PRLR level in PDAC tissue correlates with clinicopathological findings. (A-D) Relative PRLR mRNA level of paired NP and PDAC tissues in GSE15471 (A), GSE16515 (B), GSE28735 (C) and GSE102238 (D). P values were determined by paired two-tailed t-test. (E) Kaplan-Meier survival analysis for all PDAC patients divided into low and high PRLR mRNA level group based on TCGA data. P value was calculated with log-rank (Mantel-Cox) test. (F, G) Kaplan-Meier survival analysis for male PDAC patients (F) or female PDAC patients (G) divided into low and high PRLR mRNA level group based on TCGA data. P value was calculated with log-rank (Mantel-Cox) test. (H) Representative immunohistochemical staining images for showing lower (left) and higher (right) PRLR expression levels using patient-derived PDAC tissues. Scale bar: 100μm. (I) Correlation analyses for PRLR expression with TNM stage of patients with PDAC from Ren Ji cohort. P value was determined by χ2 test. (J) Relative PRLR mRNA level for T1+T2 stages and T3+T4 stages of patients based on TCGA data. P values were determined by unpaired two-tailed t-test. (K) Ratio of Prlr-SF: Prlr-LF in pancreas of non-pregnant mice (Ctrl), pregnant mice (pregnancy), and lactating mice (lactation), based on 3 samples from each group and 3 replicates of each sample. P values were determined using the unpaired 2-tailed test. (L, M) Ratios of PRLR-SF: PRLR-LF in subcutaneous xenografts grown from Panc02 cells in non-pregnant (Ctrl) and pregnant mice (L) and in non-lactating (Ctrl) vs lactating mice (M). Five samples from each group and 3 replicates were analyzed for each sample. P values were determined by unpaired 2-tailed test. *P < 0.05, **P < 0.01, ***P < 0.001.

Theranostics Image (Click on the image to enlarge.)
 Figure 8 

PRLR-SF inhibits pentose phosphate pathway through NEK9-YAP/TEAD1-G6PD/TKT axis in PDAC cells.

Theranostics Image (Click on the image to enlarge.)

Our findings indicate that Hippo signaling is the intermediator between PRLR-SF and pentose phosphate metabolism. The Hippo pathway was found to be a conserved tumor suppressor pathway restricting cell proliferation and promoting apoptosis. With its nuclear effector YAP, Hippo regulates organ size and cancer formation. As many cancers are marked by unchecked cell division, this signaling pathway has been increasingly found to be significant in human cancers [39]. Although many modulators of Hippo activity have been identified, little is known about Hippo target genes that mediate growth effects. Several glucose metabolism genes, including glucose transporter 3 GLUT3 [54, 55], hexokinase 2 (HK2) and phosphofructokinase B3 (PFKB3), have been confirmed to be indirect transcriptional targets of YAP [56, 57]. In our study, we confirmed the direct transcriptional regulation of G6PD and TKT by TEAD1, a downstream transcription factor in the Hippo pathway, in PDAC cells. Therefore, these data provide a link between the Hippo pathway and glucose metabolism that has exciting implications for cancer prevention and expanding the understanding of the biological characteristics of the Hippo pathway in cancer.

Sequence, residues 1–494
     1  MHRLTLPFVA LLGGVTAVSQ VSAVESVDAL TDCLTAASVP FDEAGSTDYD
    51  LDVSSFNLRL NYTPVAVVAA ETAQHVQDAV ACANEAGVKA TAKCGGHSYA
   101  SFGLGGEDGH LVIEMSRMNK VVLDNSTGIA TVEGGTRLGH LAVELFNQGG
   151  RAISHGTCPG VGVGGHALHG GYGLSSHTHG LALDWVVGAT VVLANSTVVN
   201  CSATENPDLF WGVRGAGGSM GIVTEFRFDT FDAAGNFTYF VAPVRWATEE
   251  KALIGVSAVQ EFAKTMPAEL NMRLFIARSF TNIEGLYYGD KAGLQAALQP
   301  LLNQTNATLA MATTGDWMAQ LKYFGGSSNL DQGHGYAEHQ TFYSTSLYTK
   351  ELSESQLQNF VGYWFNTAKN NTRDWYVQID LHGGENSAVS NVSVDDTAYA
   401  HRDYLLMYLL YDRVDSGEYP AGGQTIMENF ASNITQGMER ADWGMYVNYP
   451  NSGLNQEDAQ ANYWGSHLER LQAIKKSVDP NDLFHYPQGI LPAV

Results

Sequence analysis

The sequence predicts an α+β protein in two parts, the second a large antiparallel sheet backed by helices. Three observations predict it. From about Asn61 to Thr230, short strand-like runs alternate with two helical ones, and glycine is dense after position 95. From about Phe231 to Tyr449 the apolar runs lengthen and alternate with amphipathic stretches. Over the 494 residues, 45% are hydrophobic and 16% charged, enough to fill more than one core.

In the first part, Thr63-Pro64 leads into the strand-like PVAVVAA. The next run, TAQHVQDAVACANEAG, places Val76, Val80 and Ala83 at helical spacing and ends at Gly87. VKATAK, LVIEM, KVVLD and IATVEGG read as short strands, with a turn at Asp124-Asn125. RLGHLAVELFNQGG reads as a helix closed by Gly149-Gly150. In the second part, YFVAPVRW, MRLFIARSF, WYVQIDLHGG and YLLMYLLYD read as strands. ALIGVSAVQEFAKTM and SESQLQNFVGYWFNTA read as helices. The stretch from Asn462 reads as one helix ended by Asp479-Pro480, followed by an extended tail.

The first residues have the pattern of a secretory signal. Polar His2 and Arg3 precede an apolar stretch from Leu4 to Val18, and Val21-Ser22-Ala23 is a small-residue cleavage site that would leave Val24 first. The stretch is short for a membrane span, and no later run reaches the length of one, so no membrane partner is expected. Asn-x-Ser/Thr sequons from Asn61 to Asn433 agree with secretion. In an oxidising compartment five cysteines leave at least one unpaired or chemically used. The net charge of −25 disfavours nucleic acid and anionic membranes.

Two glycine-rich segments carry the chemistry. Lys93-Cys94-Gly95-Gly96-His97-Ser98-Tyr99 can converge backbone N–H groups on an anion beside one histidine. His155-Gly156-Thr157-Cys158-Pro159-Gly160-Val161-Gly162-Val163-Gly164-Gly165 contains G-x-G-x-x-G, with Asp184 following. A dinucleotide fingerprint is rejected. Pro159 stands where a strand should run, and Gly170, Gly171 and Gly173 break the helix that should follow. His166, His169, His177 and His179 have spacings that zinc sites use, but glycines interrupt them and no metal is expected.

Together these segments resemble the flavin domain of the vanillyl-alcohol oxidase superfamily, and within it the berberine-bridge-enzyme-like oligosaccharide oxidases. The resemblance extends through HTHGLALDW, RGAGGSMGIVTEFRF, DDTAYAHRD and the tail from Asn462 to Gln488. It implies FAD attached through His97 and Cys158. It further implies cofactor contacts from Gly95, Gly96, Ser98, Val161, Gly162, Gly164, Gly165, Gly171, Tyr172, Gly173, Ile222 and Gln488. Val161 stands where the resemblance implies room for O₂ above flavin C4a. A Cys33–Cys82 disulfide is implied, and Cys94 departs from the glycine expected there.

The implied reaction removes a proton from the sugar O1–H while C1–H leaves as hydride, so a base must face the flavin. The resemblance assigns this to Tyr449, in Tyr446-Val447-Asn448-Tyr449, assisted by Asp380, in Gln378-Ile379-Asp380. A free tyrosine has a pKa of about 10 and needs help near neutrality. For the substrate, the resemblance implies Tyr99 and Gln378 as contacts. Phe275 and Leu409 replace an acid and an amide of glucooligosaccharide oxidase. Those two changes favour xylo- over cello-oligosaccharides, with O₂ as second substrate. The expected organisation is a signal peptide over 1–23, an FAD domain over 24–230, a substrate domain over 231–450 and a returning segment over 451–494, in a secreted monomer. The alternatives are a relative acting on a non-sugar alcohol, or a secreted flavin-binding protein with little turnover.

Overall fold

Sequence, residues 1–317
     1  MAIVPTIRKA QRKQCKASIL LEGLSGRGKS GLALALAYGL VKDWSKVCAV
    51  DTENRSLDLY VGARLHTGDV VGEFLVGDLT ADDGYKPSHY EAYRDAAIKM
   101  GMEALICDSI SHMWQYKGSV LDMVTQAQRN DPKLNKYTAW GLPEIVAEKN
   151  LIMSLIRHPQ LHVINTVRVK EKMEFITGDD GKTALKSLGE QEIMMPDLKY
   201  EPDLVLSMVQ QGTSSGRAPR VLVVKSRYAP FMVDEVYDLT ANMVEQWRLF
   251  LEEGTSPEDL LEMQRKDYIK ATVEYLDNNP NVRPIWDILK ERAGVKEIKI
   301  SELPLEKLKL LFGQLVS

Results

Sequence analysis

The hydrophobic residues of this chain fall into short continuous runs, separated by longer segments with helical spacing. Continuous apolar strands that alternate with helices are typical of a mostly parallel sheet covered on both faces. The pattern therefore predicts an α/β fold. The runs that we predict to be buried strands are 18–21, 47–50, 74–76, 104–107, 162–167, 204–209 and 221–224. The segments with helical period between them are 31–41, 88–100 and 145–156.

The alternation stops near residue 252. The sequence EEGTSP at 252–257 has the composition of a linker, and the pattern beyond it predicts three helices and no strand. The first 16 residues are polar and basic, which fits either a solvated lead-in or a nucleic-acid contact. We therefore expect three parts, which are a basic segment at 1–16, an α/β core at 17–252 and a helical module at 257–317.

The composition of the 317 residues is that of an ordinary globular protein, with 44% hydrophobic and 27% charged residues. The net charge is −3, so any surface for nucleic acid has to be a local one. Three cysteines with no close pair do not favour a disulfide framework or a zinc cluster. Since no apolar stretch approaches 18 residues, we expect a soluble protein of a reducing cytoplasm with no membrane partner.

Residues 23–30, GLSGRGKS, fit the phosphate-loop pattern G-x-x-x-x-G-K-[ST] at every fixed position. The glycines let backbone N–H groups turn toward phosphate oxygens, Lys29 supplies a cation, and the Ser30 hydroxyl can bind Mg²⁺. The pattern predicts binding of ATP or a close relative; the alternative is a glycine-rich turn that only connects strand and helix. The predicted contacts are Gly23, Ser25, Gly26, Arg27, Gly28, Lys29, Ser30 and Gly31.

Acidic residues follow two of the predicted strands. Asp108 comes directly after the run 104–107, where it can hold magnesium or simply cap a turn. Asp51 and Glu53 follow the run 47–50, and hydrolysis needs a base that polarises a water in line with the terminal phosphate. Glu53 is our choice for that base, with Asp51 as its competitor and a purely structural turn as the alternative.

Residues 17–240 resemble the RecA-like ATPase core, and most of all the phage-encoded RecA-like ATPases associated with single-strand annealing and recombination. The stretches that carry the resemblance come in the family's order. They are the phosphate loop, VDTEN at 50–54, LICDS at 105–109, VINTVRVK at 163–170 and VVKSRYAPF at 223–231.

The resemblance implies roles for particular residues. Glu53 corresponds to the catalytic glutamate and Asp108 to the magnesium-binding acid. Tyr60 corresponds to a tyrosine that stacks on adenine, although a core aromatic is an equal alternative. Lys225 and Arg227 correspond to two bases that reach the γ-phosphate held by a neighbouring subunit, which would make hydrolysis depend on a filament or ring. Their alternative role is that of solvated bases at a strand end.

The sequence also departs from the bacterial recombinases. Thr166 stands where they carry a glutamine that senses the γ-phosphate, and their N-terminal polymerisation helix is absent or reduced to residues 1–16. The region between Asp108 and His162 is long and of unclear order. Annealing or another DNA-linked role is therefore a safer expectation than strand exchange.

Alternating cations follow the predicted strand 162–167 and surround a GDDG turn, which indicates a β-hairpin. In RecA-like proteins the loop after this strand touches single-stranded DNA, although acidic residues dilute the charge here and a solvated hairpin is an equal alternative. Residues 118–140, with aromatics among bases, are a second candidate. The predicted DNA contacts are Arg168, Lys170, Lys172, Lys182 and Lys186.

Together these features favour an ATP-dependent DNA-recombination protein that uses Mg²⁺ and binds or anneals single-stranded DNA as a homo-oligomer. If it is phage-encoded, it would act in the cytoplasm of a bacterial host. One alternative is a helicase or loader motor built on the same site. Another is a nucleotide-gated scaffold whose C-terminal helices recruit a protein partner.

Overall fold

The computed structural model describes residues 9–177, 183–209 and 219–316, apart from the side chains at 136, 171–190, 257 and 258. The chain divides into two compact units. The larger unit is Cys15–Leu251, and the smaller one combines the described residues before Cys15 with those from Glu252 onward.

NEK9 is known to play a role in spindle assembly and in the control of centrosome separation, but the consequences of NEK9 targeting in cancer cells remain to be elucidated. NEK9 correlates with a worse overall survival of melanoma patients [58] and is upregulated in meningioma [59]. However, a low level of NEK9 mRNA is common in triple-negative breast cancers and is associated with poor overall survival and distant metastasis-free survival [60]. With the TCGA and GEO data set analyses, we found that NEK9 expression is downregulated and that low levels of NEK9 predict a poor outcome for PDAC patients. We also verified that NEK9 interacts with PRLR-SF and is involved in the Hippo activation induced by PRLR-SF in PDAC cells. These data provide new evidence for the biological features and downstream signals of NEK9 in tumor development, suggesting that, in addition to its function in centrosome separation, NEK9 also regulates cell proliferation via the Hippo pathway.

PRLR-SF inhibits the expression of PRLR-LF through the accelerated degradation of PRLR-LF mRNA [8, 61]. Cells that expressed transgenic PRLR-SF expressed lower levels of PRLR-LF. When the ratio of PRLR-SF to PRLR-LF reached 1:1, the expression of PRLR-LF was decreased by 90% [19]. PRLR-SF not only downregulates the expression of PRLR-LF but also acts as a dominant negative factor of the LF by LF-SF heterodimerization [8, 62]. Different expression ratios might result in the inhibition or promotion of tumor progression. An NIH study showed that the ratio of PRLR-SF to PRLR-LF was significantly decreased in 76% of breast cancer patients. Because SFs act as dominant negative regulators of the stimulatory actions of LF in vitro, their relatively reduced expression in cancer could cause gradations in LF stimulatory function and contribute to breast tumor progression [63]. Our study reveals that, in addition to its role in eliminating PRLR-LF, PRLR-SF functions independently to trigger a specific pathway that suppresses the proliferation of PDAC cells.

Lactation was recently reported to be associated with a 24% lower risk of invasive ovarian cancer, particularly high-grade serous and endometrioid cancers [64]. Lactation also reduces a woman's risk of breast cancer [65, 66]. Moreover, retrospective cohort studies from 2003 through 2016 showed that infertile women have an overall higher risk of developing cancer than fertile women. The risks of uterine cancer, ovarian cancer, lung cancer, thyroid cancer, liver and gallbladder cancer, and leukemia are higher in infertile women than in fertile women [42]. Additionally, women who are pregnant at later ages (> 26 years old) have a lower risk of noncardia gastric cancers [43].